We eventually found our friend, Al Hesselbart, manning his Antique RV booth at the far end of the fairgrounds. He was asked by the RV Show organizers to put together an antique RV display but relegated him to a remote corner of the show. He had commitments from the owners of eight antique RVs, plus his own 1978 Newell, but four of them backed out at the last minute and the other four simply did not show up. Whatever their reasons it was disappointing and inconsiderate. Al had a large TV monitor with a slide show of about 500 images running automatically in a loop. He had them in a shelter to protect them, and him, from the worst of the rain.
It was almost 5 PM by the time we got back to our car. We discussed calling Ed and Betty Burns, who live near Bradenton, to see if they were up for a visit but we were at least an hour away and decided it was too short a notice, too late in the day, and we were too tired. We fought our way through Friday rush hour traffic across US-301 to I-75 and headed south to exit 217, which is FL-70 to Bradenton (west) and Arcadia (east). We stopped at the Speedway for gasoline and bought two coffees to scare away the cobwebs. It had been a long day.
As we continued east on FL-70 Linda got a call from her sister, Marilyn, to finalize plans for tomorrow. We got back to our coach around 6:45 PM and had a light dinner of garbanzo bean salad sandwiches and a small glass of wine. We then watched a program about Agatha Christy on PBS/Create followed by two episodes of Miss Marple. Linda headed off to bed before the second episode was over while I remained up to continue working on my blog posts from today and the previous two days.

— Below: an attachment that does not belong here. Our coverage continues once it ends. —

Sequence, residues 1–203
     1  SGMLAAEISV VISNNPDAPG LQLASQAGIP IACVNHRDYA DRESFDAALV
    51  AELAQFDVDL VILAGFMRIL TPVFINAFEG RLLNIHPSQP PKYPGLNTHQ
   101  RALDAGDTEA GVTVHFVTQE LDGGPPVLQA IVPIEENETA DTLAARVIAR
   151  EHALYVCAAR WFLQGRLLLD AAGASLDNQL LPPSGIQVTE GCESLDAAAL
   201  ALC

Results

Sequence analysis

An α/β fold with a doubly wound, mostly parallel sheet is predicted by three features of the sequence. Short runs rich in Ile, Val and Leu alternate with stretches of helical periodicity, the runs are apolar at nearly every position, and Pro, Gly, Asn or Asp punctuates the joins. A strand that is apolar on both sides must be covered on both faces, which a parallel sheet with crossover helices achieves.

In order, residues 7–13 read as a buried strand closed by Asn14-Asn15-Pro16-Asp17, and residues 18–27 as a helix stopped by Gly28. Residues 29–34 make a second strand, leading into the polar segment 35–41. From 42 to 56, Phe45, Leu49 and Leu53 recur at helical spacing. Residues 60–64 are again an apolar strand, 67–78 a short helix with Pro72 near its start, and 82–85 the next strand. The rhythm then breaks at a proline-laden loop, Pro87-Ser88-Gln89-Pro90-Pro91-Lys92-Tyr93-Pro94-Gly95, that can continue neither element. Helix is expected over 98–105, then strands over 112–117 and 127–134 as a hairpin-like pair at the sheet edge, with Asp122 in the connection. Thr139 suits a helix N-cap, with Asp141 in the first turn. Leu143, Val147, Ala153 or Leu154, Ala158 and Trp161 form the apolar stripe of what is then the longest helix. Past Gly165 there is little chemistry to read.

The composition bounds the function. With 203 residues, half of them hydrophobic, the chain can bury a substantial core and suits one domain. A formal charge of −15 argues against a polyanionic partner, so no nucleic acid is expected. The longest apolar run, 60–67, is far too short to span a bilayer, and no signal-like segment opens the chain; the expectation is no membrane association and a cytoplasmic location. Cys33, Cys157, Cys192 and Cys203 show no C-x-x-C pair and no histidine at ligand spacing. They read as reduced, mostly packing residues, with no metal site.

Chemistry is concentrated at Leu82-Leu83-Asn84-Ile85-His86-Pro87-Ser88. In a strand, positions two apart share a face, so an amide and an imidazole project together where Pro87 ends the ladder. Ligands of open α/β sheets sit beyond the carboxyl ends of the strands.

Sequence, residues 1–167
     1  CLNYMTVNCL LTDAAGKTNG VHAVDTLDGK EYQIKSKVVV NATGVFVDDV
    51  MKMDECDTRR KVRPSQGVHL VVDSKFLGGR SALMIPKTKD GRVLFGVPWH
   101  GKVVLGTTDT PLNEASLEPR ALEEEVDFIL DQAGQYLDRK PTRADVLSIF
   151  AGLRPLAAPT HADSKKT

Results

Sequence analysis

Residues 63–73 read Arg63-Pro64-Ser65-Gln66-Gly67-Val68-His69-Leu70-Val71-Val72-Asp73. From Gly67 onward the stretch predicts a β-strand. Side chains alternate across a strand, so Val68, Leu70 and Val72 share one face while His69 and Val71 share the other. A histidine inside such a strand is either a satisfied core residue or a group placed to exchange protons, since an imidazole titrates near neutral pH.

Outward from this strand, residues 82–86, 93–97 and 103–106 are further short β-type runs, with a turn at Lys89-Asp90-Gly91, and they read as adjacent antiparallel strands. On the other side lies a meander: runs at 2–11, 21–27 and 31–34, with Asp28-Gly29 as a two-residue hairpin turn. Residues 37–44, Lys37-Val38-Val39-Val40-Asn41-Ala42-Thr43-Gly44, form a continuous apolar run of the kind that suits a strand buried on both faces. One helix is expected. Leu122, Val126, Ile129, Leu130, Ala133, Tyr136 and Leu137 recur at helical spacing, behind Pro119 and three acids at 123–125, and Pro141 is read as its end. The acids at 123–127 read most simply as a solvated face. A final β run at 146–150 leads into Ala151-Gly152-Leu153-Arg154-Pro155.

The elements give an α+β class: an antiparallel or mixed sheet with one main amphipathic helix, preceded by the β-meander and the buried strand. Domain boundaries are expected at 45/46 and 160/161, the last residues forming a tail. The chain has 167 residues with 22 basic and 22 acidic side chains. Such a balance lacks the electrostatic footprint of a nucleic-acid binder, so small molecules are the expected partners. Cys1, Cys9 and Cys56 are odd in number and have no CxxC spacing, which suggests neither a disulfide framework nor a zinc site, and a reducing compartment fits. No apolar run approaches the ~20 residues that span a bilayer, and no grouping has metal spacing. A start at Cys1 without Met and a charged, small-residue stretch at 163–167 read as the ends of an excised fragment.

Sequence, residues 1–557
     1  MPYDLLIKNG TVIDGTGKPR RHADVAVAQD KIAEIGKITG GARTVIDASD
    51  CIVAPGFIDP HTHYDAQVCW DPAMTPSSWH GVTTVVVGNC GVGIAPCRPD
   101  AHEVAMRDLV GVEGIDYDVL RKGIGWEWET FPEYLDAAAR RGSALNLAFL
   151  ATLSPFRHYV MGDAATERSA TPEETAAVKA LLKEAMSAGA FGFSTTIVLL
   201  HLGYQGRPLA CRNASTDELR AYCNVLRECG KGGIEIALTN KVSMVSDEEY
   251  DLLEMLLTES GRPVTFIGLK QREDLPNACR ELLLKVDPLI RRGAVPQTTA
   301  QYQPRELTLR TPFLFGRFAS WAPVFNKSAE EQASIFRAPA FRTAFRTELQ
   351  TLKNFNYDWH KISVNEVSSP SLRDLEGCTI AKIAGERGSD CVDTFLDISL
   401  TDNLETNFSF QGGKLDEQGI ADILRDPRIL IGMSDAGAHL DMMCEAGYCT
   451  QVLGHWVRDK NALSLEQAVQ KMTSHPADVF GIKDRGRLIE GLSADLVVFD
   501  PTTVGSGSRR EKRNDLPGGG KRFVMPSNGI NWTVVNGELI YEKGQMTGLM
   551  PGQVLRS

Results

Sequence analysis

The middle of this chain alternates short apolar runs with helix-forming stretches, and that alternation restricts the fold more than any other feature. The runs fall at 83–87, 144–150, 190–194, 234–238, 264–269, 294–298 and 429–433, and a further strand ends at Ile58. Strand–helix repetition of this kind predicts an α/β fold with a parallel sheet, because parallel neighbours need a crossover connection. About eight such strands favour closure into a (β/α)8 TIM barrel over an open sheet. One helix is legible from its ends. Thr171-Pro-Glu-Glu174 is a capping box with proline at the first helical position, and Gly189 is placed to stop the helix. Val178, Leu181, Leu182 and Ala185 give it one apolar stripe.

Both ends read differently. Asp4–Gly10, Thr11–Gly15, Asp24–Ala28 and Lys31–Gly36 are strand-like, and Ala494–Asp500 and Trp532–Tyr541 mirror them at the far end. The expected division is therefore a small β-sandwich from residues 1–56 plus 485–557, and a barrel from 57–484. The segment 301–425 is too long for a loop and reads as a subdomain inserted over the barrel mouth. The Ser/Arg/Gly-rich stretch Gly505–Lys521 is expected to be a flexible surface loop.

I stayed up to watch the WINK evening news (channel 11-1). They reported that the storms this morning included a confirmed EF-1 tornado in south Fort Meyers and wind damaged property in Lehigh Acres. The meteorologists made it clear that the January tornados from today and last weekend would normally be quite rare for this time of year but were not unusual in an El Niño year like this one. We are headed to Fort Meyers tomorrow for the first time to visit with Marilyn and the weather forecast looks fine if a bit cool. Another round of strong storms is forecast for Sunday morning in connection with the passage of yet another cold front trailing from a strong low pressure center moving east across the Florida panhandle. We plan to stay home Sunday but Marilyn is flying back to St. Louis, Missouri, weather permitting.